A question by Rendar : Do you think it is a good idea to buy a house with your longtime partner but both of your name’s won’t be in the title?
We are thinking to get a house from a government program but if we will be in the title together our salary combined makes us ineligible. So my partner will have the ownership. Any thoughts?
We are together since 2016. Thanks
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“Unless you’re paying for half of this house, basically, you’re NOT buying a house–your PARTNER is. And if you ARE paying for half of it, then you should have a written agreement that you own half of it–or if your partner decides you are not the person for him/her, they are basically just using your money to buy something for themselves. It’s risky. The very least you need to do is have a written agreement stating that if you break up any money you gave your partner will be given BACK to you. And you’d better check the program requirements–if you two are living together they may not accept ONLY your partner as the buyer. Check your fine print.”Christin K
“No, I don’t think it’s a good idea. 1. It’s NEVER a good idea to buy a house or other major assets with someone you are not married to. There are tons of information on the internet explaining why. So, I won’t bore you with a list of ways this can go wrong. Just go read some information about all the reasons why it’s a bad idea. 2. What you are proposing might actually be illegal because most government programs are based on the entire household income. So, you are probably supposed to count both incomes regardless of whether or not you’re married and/or who’s name you eventually put on the paperwork.”12
“Is it a USDA loan? If so all income in the house MUST be reported (even if they are not on the loan) and if it’s over the amount you won’t qualify. It’s considered government mortgage fraud and prison can be imposed. Also, it’s a terrible idea to not be on the title. if something goes wrong the one not on has NO recourse- no ownership etc. I am a mortgage lender since 1986.”Beverly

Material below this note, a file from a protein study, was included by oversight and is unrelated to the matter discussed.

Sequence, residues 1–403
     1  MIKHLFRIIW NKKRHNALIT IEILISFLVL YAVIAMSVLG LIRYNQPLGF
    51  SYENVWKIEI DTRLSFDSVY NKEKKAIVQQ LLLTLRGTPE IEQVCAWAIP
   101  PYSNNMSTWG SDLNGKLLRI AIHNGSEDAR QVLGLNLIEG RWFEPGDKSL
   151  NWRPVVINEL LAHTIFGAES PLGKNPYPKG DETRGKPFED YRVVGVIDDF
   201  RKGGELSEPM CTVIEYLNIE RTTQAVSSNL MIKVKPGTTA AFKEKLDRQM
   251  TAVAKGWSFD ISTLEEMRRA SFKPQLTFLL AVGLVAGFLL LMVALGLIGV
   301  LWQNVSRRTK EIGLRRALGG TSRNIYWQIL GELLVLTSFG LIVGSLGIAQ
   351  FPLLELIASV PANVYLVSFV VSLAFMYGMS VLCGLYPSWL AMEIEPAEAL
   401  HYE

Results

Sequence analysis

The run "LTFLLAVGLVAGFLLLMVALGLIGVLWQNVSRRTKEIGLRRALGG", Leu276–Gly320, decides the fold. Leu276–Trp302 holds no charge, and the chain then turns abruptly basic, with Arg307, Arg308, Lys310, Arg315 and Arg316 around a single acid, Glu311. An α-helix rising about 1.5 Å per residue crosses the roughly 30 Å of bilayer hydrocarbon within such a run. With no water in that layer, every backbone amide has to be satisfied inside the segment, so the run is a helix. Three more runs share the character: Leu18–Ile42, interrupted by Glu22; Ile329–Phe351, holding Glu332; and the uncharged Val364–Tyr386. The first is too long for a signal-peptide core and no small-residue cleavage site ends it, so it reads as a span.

“No, you should never purchase a house with someone you are not married to.”Emily Patel, Développeuse
“Screw the system now and somehow you’ll pay for it later. Since you aren’t married and don’t plan to be married, I suggest that whoever it is has their name on the title be considered the owner (which is the case) and the other person a renter. So you pay rent and half of the utilities. If you split up, it’s his home; not yours. Or you play it straight and put both your names on the title as co-owners (which I happen to think is a really bad decision when two people aren’t married). Keep receipts for anything you buy for the home – just in case you ever need them should you split up. Then you can take what is rightfully yours.”David Lin, Professeur
“No, that is a terrible idea. If your name is not on the title, you own nothing. So, your partner owns a house, and you pay rent. Absolutely not. If he’s the only one on the title, he’s the only one that owns / has any claims to it at all. You won’t be buying it together; you’ll be paying for his property.”Various